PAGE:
The Japanese whaling fleet has suspended its Antarctic Ocean hunt because of obstruction by Sea Shepherd Conservation Society vessels, a Fisheries Agency official said Wednesday.
Jiji Press reported government officials are considering having the fleet return home earlier than regular years amid the moves by the marine animal rights group.
“The Nisshin Maru (whaling fleet mother ship) has been chased by Sea Shepherd vessels since Feb. 10 and thus the fleet suspended whaling since then,” said Tatsuya Nakaoku of the Whaling Section of the Fisheries Agency’s Far Seas Fisheries Division. “We are considering several options (to deal with the current situation), but nothing has been decided.”
Sea Shepherd, which funds its operation with donations, including those from successful entrepreneurs and Hollywood stars, has been escalating its tactics against Japanese whalers in the Antarctic Ocean in recent years.
The fleet usually leaves Japan in November and comes back in March or April. This winter, however, it left Japan on Dec. 2, unusually late.
Greenpeace Japan, the local branch of the international conservation group, had predicted the duration of the hunt would be shortened because of falling profitability in whale meat sales and an increase in the frozen stockpile of such meat.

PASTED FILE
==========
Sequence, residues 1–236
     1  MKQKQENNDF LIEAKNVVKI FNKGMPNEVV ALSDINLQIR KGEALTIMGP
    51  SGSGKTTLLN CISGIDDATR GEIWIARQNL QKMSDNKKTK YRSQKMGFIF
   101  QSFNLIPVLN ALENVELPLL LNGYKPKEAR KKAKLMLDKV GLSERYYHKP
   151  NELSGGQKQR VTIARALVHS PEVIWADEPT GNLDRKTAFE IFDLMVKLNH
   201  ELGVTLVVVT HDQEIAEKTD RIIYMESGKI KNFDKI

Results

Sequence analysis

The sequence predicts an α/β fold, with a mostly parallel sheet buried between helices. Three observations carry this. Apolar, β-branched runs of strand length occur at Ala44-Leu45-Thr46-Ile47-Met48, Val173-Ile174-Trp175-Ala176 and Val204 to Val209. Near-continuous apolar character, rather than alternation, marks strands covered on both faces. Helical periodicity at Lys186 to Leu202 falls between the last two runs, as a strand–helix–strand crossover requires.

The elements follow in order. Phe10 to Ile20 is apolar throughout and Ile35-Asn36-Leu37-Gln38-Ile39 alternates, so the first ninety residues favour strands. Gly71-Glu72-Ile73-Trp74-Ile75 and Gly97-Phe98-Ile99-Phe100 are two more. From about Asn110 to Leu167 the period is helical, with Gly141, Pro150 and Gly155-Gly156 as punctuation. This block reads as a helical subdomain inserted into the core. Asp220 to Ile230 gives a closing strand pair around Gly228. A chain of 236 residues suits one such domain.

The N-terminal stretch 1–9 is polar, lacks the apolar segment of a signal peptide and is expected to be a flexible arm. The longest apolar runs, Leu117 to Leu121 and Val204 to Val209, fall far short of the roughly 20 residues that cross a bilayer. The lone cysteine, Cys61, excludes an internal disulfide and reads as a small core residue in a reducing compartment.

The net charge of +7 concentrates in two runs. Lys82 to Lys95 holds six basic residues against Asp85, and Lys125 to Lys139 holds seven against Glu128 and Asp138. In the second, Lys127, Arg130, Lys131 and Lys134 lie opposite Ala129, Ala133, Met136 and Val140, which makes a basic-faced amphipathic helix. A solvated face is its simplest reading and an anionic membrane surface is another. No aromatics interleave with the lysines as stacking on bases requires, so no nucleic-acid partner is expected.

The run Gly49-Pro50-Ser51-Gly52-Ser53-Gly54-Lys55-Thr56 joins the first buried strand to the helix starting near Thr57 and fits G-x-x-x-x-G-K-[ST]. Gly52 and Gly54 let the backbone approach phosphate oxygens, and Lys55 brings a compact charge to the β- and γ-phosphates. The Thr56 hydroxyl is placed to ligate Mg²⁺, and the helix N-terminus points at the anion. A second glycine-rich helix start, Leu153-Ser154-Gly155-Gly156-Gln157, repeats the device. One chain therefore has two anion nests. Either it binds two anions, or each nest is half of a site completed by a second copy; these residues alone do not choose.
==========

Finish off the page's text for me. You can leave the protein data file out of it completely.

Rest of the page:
The stockpile stood at 5,093 tons, nearly a record level, in December. It has risen almost steadily from 1,453 tons in 1999.
Greenpeace Japan Secretary General Junichi Sato said: “The Japanese government blames the anti-whaling movement for the (possibility of) bringing the fleet home early.”
Japan has come under increased international pressure to cut down on whaling. The International Whaling Commission submitted a proposal in April for Japan to decrease its whaling quota in the Antarctic from the current 800 whales to about 200 in 10 years.
Japan caught 506 minke whales and a fin whale in the Antarctic Ocean in the 2009-2010 season, compared with 679 minke whales and a fin whale in the previous season and 551 minke whales in the season before that.
Australia in May launched legal action with the International Court of Justice at the Hague to stop Japan’s research whaling in the Antarctic.
Japan says its whaling program complies with Article 8 of the International Convention for the Regulation of Whaling.
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